At Crossref, we care a lot about the completeness and quality of metadata. Gathering robust metadata from across the global network of scholarly communication is essential for effective co-creation of the research nexus and making the inner workings of academia traceable and transparent. We invest time in community initiatives such as Metadata 20/20 and Better Together webinars. We encourage members to take time to look up their participation reports, and our team can support you if you’re looking to understand and improve any aspects of metadata coverage of your content.
What’s in the metadata matters because it is So.Heavily.Used.
You might be tired of hearing me say it but that doesn’t make it any less true. Our open APIs now see over 1 billion queries per month. The metadata is ingested, displayed and redistributed by a vast, global array of systems and services that in whole or in part are often designed to point users to relevant content. It’s also heavily used by researchers, who author the content that is described in the metadata they analyze.
Our Perspectives blog series highlights different members of our diverse, global community at Crossref. We learn more about their lives and how they came to know and work with us, and we hear insights about the scholarly research landscape in their country, the challenges they face, and their plans for the future.
تسلط سلسلة مدونة توقعات - وجهات نظر الخاصة بنا الضوء على أعضاء مختلفين من مجتمعنا العالمي المتنوع في كروس رف .نتعلم المزيد عن حياتهم وكيف تعرفوا وعملوا معنا، ونسمع رؤى حول مشهد البحث العلمي في بلدهم، والتحديات التي يواجهونها، وخططهم للمستقبل.
One of the main motivators for funders registering grants with Crossref is to simplify the process of research reporting with more automatic matching of research outputs to specific awards. In March 2022, we developed a simple approach for linking grants to research outputs and analysed how many such relationships could be established. In January 2023, we repeated this analysis to see how the situation changed within ten months. Interested? Read on!
Our friend and colleague Christine Hone (née Buske) passed away in May from a short but brutal illness. Here is our attempt at ‘some words’, which we wrote for her funeral book and are posting here with her husband Dave’s permission.
We are devastated to lose Christine as a colleague and friend. It’s hard to put into words the effect she had on our small organization in such a short time, and how much we’re already missing her. But here it goes.
It was 2015 when some of us first met Chris, and we immediately saw how much of an asset she could be to our organization. She was very active in the community and well-known in many academic and publishing circles around the world. And she had an enviable combination of technical skills, a scientific mind, and a natural ability to engage people.
We tried to recruit her back then but she was in demand by others and it wasn’t until early 2018 that we succeeded. We finally got her! She became the Product Manager for a very advanced and complex system but she took to it perfectly, with real excitement and a complete understanding of how we (and therefore she) could help the research community all over the world see and make connections.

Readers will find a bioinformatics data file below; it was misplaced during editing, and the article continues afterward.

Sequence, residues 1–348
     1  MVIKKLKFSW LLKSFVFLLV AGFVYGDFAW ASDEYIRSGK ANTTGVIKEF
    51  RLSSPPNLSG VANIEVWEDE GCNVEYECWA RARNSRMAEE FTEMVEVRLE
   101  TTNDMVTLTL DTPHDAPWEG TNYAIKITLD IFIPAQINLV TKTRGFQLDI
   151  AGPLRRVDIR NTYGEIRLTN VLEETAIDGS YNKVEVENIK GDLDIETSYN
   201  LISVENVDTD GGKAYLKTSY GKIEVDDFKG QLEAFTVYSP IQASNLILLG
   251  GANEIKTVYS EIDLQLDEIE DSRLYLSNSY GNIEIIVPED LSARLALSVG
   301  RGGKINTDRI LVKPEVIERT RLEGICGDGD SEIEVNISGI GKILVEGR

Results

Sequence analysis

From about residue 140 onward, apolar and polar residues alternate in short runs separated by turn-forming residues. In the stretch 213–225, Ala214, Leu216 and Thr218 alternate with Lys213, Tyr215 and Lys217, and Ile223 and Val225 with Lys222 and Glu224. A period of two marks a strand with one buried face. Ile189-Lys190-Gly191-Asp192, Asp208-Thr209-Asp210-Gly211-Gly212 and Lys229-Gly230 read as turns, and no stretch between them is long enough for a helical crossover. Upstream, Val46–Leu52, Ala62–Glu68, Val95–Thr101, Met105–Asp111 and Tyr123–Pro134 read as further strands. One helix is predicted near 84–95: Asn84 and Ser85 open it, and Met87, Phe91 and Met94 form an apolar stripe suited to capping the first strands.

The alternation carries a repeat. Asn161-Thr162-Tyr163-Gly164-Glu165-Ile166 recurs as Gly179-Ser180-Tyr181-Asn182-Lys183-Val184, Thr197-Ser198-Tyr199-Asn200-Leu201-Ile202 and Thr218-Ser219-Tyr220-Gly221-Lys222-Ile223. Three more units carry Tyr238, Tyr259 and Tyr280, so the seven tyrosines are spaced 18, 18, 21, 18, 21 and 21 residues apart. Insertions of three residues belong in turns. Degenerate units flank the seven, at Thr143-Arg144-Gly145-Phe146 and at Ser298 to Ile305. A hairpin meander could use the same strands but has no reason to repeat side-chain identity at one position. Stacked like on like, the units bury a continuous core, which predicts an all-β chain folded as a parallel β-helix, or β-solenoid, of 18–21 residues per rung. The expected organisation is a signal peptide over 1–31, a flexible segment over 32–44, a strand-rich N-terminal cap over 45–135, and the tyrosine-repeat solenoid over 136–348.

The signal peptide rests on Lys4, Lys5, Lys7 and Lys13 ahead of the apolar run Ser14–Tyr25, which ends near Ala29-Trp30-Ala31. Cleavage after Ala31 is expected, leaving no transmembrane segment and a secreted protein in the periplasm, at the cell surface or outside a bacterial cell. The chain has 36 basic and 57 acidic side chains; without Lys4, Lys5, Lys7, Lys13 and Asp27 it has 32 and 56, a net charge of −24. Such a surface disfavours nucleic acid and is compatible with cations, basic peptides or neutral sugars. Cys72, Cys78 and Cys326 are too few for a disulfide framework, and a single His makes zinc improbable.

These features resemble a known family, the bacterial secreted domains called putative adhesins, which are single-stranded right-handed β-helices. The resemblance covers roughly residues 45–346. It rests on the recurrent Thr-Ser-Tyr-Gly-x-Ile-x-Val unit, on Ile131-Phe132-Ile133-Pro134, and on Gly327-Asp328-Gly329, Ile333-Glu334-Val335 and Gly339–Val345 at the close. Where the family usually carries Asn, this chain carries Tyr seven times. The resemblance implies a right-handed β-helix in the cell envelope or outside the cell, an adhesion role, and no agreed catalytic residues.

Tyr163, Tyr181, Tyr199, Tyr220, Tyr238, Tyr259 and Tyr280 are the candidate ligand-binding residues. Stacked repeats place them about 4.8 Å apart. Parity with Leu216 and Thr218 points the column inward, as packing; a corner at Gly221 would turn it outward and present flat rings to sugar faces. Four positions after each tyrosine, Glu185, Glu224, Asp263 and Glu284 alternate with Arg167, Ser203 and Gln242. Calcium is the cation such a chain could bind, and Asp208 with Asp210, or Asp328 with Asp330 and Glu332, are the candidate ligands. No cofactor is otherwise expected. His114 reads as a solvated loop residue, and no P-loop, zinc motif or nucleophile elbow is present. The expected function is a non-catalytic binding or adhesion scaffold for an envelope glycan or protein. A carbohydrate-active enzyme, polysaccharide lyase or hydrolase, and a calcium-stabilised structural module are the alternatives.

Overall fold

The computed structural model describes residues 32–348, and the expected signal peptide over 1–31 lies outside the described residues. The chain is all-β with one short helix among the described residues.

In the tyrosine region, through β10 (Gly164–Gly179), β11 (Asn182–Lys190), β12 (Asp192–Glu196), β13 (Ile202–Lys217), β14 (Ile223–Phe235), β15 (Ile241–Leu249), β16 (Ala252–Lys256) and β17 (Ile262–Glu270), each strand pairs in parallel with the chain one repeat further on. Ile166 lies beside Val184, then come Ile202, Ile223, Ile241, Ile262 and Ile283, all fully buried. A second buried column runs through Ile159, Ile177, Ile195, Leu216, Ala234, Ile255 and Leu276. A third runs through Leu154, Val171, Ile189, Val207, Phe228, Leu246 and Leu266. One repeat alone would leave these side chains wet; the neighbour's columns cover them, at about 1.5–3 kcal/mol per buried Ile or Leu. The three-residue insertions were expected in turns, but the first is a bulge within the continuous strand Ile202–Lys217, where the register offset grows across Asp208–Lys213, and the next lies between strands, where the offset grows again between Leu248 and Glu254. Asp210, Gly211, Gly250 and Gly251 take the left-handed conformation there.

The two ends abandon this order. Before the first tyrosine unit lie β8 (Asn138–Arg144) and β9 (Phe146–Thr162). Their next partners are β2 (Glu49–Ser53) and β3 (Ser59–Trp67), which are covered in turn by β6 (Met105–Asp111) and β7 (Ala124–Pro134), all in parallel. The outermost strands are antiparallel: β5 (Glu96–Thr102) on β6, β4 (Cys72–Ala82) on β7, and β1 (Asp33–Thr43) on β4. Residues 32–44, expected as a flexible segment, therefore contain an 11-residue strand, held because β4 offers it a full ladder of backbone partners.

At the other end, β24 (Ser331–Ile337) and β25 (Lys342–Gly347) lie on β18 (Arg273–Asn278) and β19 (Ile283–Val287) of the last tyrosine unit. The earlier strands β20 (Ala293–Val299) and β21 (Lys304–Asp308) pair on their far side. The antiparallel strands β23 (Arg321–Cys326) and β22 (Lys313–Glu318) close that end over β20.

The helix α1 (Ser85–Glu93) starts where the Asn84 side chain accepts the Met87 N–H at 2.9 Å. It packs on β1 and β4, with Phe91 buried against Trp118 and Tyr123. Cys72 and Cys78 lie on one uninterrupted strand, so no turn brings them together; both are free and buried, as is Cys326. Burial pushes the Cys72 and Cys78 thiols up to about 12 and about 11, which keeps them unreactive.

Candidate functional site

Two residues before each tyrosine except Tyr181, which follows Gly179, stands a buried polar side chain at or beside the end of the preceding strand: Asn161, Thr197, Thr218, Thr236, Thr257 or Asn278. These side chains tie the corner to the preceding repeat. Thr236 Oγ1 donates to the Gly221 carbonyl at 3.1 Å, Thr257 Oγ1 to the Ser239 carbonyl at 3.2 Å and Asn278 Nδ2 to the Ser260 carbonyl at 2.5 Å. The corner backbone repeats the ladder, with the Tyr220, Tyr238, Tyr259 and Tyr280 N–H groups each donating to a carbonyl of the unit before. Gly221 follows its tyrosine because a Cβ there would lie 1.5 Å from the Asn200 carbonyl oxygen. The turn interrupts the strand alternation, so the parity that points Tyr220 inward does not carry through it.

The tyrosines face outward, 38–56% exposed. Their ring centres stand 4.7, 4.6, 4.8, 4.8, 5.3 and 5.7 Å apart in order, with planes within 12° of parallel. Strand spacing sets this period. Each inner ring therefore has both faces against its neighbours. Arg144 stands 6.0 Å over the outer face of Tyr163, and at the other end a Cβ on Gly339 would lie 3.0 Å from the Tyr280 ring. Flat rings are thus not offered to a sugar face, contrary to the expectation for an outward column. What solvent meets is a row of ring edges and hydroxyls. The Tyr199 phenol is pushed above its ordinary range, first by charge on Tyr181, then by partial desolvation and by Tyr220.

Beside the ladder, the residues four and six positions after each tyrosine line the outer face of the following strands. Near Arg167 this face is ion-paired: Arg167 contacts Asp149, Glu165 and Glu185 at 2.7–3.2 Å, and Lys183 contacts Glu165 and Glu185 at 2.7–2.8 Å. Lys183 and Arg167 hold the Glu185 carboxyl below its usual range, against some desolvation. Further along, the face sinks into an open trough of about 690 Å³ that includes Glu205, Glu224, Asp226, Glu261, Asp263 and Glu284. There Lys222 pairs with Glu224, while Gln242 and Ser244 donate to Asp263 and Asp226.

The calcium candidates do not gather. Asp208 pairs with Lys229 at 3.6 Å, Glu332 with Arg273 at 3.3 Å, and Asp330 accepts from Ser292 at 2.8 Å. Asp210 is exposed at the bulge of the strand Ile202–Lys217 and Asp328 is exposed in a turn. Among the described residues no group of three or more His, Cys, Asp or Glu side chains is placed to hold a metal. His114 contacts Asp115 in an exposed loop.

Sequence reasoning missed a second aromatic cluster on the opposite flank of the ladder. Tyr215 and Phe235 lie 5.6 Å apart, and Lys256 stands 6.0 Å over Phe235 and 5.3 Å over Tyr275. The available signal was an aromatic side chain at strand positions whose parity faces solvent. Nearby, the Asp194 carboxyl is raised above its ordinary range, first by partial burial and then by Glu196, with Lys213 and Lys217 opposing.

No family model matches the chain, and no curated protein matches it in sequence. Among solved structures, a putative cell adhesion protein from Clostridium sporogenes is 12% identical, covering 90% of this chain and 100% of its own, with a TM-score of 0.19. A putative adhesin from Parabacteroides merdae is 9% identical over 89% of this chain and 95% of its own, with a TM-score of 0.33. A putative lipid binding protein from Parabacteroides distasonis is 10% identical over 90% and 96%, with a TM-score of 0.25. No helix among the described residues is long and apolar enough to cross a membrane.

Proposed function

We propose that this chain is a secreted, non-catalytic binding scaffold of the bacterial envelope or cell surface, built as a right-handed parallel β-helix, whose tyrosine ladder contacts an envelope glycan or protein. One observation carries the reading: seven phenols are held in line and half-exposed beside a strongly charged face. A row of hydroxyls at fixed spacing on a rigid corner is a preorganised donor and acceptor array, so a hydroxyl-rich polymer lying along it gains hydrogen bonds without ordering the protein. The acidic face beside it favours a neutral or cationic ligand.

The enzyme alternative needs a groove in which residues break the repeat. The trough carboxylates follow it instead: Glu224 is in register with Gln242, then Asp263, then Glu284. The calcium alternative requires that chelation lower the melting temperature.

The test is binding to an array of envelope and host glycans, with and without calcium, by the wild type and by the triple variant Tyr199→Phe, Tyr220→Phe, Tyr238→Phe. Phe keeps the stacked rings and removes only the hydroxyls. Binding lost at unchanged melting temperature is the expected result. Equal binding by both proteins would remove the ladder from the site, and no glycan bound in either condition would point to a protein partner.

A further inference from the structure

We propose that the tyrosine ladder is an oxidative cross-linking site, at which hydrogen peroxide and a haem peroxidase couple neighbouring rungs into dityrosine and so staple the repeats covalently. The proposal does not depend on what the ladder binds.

With colleagues spread around the world, she joined an organization that had exciting opportunities and its share of challenges. Chris engaged with all of this head-on. She handled a constant stream of queries from people spread across time zones, whilst at the same time getting to grips with a service that was difficult to pin down. She balanced these tasks which were at very opposite ends of the spectrum. She added so much and with such energy and intelligence to everything she got involved in, always bringing human attention and creativity.
In her talk at the 5:AM altmetrics conference she brought together technical detail, big-picture ideas, and her own particular passion. Her opening words were “My name is Christine and I’m a recovering fish scientist”. Never afraid to bring her personal brand of humour into the workplace, her opening slide was a photograph of her covered in rats. That presentation was the first time that much of the audience really understood our service. Having cracked the messaging for us, she was due to give the same talk at our annual meeting in Toronto a few months later…
Many of us were in Toronto for that meeting; it was two weeks after we’d heard the news of her diagnosis. Some of us were able to visit her in the hospital where she told us of her and Dave’s decision to bring forward their wedding plans. It was a bittersweet announcement but, clearly, they adored each other and were determined to be happy together despite the challenging times ahead.
Over the last few months, even when she had little energy to spare, Chris popped in (virtually) to chat and update us, share pictures and, selflessly, to see how we were doing. Even people who never met or worked closely with her started to follow her vlog and exchange notes and news directly.
We have all been rocked by the news and there is a lot of sadness and grief among the Crossref staff and community. Even in the last moments we shared together Chris always asked about how her projects were going. Her passion for her products was a big part of what animated her when she first joined. Throughout her late-stage illness, this remained constant. She yearned to return to work. This zeal will forever be an inspiration to us all at Crossref.